Unfortunately, there is currently no way to decrypt files that have been encrypted by WannaCry, however there are researchers right now totally dedicated to this kind of cyber threat. The WannaCry, is just the Tip of an iceberg and prevention could be your only hope today.
I am an ardent fan of Kaspersky Security products so if you are reading this, then I do hope that you get on board!
Here are several pieces of advice on how to prevent infection and minimize damage.
- If you already have a Kaspersky Lab security solution installed on your system, then we recommend doing the following: Manually run a scan for critical areas, and if the solution detects MEM:Trojan.Win64.EquationDrug.gen (that is how our antivirus solutions detect WannaCry), remove it and reboot your system.
- If you’re a Kaspersky security user, keep System Watcher on. It’s essential to fight any new variants of the malware that might emerge.
- Install software updates. This case desperately calls for all Windows users to install the MS17-010 system security update. Microsoft even released it for systems that are no longer officially supported, such as Windows XP or Windows 2003. Seriously, install it right now; it’s very important.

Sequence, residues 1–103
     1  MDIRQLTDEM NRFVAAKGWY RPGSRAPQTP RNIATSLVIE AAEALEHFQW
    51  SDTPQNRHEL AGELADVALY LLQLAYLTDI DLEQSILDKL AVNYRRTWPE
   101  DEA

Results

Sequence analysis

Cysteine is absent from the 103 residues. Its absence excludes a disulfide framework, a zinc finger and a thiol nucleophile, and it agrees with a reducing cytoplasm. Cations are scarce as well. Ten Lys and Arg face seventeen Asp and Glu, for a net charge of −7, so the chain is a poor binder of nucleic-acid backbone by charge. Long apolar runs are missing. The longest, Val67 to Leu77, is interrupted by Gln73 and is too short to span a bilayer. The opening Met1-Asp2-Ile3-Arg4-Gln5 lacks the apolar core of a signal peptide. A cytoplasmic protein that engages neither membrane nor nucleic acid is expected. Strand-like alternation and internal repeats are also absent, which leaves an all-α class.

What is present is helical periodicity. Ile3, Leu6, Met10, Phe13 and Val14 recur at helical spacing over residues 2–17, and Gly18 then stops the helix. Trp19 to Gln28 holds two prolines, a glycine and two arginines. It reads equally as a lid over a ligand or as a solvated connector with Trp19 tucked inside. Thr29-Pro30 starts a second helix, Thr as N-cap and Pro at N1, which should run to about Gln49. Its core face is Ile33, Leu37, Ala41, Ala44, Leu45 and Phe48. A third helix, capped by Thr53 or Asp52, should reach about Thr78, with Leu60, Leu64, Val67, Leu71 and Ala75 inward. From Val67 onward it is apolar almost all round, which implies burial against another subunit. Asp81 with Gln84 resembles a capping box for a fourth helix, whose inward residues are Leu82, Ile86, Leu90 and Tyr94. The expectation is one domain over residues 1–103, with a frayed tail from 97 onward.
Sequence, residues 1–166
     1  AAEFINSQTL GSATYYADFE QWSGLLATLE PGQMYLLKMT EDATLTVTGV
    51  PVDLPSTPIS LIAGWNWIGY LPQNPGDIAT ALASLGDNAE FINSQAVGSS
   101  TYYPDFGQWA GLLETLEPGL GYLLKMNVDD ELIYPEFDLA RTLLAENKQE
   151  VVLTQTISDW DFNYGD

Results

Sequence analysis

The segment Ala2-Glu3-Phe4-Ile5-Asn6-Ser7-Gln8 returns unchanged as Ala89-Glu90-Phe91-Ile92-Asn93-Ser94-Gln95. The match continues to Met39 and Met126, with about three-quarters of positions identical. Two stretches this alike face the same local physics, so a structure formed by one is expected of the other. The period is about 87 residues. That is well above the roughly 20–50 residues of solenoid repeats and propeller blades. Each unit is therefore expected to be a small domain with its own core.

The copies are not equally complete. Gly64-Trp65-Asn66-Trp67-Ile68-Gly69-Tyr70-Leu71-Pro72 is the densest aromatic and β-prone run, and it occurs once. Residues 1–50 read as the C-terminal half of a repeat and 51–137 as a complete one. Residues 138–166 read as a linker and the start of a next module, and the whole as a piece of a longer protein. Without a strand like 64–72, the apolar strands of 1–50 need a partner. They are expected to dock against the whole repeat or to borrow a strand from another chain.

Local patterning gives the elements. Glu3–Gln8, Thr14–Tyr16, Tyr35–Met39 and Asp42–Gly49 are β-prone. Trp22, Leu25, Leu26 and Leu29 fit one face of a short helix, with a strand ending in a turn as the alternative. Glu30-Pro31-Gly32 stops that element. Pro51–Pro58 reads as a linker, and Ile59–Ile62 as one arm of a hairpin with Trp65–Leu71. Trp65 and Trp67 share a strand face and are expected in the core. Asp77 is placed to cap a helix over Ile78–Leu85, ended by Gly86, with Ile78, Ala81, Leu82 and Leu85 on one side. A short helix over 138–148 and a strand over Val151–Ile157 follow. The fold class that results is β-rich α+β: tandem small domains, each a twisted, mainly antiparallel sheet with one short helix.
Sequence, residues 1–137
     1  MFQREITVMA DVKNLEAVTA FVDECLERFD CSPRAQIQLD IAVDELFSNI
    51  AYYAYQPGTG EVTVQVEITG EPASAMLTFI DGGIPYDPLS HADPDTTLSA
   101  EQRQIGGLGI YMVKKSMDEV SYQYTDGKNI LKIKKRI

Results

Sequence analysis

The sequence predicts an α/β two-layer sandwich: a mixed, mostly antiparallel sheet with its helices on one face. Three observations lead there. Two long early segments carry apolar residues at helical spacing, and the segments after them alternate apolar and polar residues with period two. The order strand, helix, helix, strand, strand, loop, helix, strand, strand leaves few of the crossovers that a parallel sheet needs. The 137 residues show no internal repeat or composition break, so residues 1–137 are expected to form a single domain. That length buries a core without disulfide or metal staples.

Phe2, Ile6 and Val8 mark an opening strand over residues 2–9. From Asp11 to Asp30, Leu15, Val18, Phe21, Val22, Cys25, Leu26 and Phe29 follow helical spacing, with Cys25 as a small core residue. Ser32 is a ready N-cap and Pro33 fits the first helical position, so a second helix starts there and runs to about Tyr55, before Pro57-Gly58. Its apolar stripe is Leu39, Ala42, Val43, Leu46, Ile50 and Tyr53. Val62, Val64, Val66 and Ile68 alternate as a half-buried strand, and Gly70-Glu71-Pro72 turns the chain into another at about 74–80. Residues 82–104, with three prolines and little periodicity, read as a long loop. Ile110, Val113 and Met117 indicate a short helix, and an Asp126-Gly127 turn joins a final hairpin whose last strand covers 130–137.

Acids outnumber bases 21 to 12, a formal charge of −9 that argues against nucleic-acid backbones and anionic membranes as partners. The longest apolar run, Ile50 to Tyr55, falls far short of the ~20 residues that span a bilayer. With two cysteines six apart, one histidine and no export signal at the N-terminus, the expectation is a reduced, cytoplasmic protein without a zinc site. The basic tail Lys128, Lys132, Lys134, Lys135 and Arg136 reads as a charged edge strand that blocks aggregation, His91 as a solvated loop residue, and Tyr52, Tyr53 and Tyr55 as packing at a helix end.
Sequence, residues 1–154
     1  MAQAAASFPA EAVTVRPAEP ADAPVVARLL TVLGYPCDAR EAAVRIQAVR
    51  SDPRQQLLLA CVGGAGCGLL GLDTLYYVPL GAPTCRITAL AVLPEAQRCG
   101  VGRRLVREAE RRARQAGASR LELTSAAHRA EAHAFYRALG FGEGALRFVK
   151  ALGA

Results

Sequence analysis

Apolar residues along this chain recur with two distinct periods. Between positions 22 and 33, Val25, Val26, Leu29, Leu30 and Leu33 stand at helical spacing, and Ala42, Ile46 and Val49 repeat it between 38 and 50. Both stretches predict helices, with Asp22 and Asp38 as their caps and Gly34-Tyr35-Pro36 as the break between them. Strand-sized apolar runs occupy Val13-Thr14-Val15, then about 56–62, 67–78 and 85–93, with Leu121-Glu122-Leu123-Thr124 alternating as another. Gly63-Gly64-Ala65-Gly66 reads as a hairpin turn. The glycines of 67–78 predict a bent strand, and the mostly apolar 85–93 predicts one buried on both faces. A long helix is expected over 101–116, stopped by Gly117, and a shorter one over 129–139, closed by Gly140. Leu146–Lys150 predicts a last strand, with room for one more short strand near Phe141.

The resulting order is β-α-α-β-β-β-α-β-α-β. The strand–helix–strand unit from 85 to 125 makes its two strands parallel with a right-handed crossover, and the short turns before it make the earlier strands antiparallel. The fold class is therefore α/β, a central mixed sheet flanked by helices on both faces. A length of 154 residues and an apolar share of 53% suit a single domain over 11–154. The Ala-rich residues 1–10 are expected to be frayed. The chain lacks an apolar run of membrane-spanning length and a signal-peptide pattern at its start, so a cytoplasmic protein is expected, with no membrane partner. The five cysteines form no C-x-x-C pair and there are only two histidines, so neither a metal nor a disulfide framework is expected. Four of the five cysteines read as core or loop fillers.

- Create file backups on a regular basis and store the copies on storage devices that are not constantly connected to the computer. If you have a recent backup copy, then an encryptor infection is not a catastrophe; you can spend a few hours reinstalling the operating system and apps, then restore your files and move on. If you’re just too busy to handle a backup, take advantage of the backup feature built into Kaspersky Total Security, which can automate the process.
- Use a reliable antivirus. Kaspersky Internet Security can detect WannaCry both locally and during attempts to spread it over a network. Moreover, System Watcher, a built-in module, can roll back any unwanted changes, which means that it will prevent file encryption even for those malware versions that are not yet in antivirus databases.
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